Robert Kahn was correct in saying, "There are a hundred ways to steal but only one way to be honest." In order not to steal, we must be scrupulously honest. What good is it if we are one-half or three-quarters honest? What if God was honest with us only part of the time? Could we trust Him? Can others really trust us if we are only partially honest? Do we lock our doors because we trust everybody? Thievery creates distrust, fear, and suspicion, destabilizing institutions and communities.
The reason we should refrain from stealing is not just to avoid sinning. This in itself is very good, but scrupulous honesty produces integrity, wholeness. Such integrity enables us to live confidently before God and man. The apostle John writes in I John 3:18-19: "My little children, let us not love in word or in tongue, but in deed and in truth. And by this we know that we are of the truth, and shall assure our hearts before Him." Personal integrity is a major source of positive, confident living.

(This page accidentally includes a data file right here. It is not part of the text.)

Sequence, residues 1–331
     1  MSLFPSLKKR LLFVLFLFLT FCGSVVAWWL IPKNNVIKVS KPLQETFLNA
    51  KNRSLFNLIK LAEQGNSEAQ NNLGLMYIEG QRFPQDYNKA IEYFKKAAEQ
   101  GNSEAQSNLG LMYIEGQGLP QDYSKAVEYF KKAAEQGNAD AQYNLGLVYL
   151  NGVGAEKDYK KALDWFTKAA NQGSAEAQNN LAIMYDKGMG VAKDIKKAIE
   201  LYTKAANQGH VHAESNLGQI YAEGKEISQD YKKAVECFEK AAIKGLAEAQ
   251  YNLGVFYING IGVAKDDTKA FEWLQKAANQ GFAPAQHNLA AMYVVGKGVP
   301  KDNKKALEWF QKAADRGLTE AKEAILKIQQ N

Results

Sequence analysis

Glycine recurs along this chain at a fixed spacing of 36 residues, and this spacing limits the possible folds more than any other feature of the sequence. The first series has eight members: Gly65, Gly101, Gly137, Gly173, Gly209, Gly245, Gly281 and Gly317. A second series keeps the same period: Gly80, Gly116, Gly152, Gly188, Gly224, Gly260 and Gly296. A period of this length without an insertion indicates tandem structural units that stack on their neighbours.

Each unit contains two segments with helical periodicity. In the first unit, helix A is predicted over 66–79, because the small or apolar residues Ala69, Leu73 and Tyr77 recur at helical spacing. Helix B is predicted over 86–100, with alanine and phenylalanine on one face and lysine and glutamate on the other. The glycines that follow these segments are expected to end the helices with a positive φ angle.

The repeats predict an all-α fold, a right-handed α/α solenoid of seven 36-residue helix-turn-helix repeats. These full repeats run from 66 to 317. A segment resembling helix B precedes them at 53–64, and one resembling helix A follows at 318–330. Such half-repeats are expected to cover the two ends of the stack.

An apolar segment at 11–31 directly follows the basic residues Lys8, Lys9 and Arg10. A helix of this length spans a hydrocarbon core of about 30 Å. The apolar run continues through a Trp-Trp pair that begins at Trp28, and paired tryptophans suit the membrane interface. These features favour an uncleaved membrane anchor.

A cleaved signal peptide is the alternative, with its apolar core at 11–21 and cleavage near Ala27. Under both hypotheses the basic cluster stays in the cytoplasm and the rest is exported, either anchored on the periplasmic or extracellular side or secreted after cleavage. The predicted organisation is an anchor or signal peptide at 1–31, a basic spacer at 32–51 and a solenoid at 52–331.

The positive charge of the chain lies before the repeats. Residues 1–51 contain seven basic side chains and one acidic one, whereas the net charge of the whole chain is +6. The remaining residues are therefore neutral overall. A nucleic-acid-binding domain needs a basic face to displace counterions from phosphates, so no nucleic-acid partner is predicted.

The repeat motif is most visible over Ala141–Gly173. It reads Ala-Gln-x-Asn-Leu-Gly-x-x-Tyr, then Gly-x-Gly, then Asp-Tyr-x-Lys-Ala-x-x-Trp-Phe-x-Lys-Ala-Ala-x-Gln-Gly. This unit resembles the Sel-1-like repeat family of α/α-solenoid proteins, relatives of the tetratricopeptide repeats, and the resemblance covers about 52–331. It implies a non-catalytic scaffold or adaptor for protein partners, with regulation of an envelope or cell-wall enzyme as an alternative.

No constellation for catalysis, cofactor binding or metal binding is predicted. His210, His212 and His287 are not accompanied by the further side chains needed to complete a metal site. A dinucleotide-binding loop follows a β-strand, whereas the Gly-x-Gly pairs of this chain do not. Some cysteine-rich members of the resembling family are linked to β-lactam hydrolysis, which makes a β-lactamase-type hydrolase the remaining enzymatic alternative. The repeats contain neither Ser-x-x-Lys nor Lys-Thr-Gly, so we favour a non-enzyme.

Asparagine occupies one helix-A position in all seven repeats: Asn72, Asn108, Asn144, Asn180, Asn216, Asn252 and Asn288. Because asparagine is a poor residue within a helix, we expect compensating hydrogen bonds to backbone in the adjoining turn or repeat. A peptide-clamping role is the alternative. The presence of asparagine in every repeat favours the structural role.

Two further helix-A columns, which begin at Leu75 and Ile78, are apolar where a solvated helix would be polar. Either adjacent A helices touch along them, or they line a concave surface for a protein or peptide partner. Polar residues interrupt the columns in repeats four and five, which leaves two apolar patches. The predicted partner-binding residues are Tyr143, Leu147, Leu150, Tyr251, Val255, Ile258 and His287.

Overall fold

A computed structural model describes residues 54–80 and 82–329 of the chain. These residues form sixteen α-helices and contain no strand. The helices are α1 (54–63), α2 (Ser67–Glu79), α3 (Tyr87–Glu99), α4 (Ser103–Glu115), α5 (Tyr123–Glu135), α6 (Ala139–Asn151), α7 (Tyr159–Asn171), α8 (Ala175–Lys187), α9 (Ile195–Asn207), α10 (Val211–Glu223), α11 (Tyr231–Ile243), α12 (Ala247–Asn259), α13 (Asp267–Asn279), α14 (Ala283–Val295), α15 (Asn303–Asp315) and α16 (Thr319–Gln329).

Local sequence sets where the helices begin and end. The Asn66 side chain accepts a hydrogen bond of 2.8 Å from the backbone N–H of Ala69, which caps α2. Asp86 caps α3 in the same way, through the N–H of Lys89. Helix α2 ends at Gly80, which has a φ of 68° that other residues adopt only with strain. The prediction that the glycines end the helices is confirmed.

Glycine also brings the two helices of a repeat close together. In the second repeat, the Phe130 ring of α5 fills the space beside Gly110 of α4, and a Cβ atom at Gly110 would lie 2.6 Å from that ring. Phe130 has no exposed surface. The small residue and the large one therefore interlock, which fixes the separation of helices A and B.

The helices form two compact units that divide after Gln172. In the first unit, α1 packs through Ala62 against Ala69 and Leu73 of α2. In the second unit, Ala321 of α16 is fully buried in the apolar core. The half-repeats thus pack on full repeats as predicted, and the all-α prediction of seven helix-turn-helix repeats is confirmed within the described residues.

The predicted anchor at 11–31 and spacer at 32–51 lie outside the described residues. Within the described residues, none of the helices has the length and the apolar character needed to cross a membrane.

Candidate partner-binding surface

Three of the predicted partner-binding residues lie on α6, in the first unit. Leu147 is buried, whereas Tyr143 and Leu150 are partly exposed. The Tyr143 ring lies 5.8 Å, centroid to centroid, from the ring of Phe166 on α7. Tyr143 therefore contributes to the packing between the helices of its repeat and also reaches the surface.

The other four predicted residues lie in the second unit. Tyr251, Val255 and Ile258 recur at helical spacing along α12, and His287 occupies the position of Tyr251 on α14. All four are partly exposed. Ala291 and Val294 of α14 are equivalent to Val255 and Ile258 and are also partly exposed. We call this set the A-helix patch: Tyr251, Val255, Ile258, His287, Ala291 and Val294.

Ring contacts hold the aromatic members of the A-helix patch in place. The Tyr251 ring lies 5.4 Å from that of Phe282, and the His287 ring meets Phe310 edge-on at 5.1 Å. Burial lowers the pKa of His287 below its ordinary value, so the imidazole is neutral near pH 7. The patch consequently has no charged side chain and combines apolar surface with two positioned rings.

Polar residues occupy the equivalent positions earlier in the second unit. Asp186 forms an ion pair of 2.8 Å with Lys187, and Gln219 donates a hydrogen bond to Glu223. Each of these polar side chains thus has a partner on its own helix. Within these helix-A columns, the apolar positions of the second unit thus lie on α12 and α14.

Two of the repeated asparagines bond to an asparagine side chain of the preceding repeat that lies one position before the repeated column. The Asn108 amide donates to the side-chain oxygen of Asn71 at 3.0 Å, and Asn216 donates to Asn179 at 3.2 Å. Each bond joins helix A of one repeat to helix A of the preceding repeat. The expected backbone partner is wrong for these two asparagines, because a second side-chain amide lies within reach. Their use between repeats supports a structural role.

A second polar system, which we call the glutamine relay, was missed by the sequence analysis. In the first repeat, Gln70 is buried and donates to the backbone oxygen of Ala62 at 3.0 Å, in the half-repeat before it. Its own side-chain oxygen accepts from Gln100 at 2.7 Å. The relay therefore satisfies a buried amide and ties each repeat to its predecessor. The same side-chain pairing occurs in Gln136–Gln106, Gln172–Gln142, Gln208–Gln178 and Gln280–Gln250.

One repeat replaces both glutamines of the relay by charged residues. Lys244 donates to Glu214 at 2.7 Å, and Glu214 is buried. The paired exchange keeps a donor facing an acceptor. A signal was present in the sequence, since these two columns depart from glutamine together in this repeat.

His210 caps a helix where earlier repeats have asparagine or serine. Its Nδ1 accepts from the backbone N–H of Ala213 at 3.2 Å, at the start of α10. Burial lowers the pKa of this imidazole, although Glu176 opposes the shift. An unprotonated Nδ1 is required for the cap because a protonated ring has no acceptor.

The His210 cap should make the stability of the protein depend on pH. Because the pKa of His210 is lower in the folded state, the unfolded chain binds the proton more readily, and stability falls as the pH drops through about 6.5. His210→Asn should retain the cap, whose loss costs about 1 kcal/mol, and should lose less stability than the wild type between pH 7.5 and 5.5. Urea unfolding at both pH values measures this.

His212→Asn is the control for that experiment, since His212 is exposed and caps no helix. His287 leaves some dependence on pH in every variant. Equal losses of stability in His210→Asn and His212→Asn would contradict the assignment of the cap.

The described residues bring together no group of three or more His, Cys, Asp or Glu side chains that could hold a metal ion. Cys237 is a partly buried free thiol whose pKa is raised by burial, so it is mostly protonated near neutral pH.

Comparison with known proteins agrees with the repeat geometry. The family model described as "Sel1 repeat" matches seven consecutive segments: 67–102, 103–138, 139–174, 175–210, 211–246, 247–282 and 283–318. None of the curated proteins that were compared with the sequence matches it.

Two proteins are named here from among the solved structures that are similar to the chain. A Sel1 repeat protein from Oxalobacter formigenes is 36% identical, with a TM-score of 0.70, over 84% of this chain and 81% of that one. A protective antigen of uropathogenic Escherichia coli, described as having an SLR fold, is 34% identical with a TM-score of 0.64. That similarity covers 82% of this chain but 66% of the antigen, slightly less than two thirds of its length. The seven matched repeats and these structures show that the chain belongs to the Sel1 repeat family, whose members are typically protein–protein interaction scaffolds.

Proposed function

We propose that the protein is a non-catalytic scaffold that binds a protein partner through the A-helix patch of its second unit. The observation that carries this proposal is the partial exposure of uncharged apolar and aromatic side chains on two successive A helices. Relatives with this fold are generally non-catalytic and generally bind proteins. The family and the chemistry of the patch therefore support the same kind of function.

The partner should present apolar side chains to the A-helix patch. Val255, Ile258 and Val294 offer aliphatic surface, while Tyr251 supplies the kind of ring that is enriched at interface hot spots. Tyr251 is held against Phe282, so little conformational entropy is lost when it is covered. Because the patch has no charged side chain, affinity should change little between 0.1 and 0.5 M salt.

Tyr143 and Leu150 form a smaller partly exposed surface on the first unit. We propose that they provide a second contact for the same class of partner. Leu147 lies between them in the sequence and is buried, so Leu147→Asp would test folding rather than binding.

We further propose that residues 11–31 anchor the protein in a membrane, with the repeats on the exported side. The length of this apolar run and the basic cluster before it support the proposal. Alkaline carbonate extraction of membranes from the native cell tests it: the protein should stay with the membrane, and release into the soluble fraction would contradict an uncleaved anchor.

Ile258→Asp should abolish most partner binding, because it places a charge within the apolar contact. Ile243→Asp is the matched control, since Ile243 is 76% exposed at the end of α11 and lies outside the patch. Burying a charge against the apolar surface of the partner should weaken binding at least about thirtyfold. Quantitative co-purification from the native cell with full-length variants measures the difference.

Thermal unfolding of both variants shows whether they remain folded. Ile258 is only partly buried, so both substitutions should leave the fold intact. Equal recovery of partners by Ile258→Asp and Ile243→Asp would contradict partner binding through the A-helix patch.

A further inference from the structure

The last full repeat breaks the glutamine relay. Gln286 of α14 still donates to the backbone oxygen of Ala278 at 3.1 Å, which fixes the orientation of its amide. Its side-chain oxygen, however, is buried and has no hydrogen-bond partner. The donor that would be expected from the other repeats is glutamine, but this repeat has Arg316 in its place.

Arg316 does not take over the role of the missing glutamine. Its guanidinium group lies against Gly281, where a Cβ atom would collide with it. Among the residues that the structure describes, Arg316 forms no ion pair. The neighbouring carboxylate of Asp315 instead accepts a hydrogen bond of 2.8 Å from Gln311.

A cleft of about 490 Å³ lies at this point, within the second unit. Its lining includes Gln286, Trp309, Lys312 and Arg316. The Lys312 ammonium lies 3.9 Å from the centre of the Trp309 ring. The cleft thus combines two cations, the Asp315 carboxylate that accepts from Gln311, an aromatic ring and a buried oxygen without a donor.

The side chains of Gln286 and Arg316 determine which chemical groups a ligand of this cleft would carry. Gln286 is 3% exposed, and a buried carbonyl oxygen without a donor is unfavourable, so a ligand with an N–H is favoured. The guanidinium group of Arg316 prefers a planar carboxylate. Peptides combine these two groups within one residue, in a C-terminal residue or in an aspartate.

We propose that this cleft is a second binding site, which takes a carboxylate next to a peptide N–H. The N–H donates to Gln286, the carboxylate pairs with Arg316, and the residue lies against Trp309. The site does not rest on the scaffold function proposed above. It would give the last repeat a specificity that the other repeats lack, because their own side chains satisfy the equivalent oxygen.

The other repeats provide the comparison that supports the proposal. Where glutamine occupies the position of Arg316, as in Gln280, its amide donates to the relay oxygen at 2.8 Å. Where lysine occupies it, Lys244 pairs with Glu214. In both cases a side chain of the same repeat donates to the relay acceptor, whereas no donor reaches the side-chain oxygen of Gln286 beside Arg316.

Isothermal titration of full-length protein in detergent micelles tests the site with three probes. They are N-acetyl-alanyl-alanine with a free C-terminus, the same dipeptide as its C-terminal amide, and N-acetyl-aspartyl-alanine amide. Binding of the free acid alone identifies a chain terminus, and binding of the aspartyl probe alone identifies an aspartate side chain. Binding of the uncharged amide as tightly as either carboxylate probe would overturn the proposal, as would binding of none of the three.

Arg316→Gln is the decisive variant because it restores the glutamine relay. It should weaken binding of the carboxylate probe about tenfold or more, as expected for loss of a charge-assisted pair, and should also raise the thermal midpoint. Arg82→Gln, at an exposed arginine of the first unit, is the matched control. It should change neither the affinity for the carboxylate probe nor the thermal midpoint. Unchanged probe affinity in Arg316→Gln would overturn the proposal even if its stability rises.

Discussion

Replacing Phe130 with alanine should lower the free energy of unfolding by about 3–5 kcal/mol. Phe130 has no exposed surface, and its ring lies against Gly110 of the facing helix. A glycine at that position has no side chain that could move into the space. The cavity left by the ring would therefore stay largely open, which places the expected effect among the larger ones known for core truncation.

A conscience can be either a good or bad guide because it is educated by an individual's experiences. Practicing scrupulous honesty builds character and educates the conscience in the right direction so that it will send the right prompting at the right time. We cannot allow ourselves room to rationalize stealing. We must be scrupulously honest always, or our character will descend on a path of degeneracy.
There are hundreds of ways to steal, and dozens of excuses for stealing, but only one way and one reason and one law of integrity. That way is honor, that reason is a clear conscience, and that law is God's. He says, "You shall not steal." Never. In any way. From any one.
John W. Ritenbaugh
The Eighth Commandment (1997)
Christ compliments these people for their works, love, service, faith, and patience. He mentions "works" (ergon, "deeds, doings, labor") twice, probably for emphasis. These five traits are among the most highly prized of New Testament admonitions to Christians. Not only do these people have them, but they have continued to grow in them—even during the confusion, scattering, and apostasy the church is suffering! What a compliment, considering the woeful spiritual downfall and lackadaisical approach of so many!
The Seven Churches: Thyatira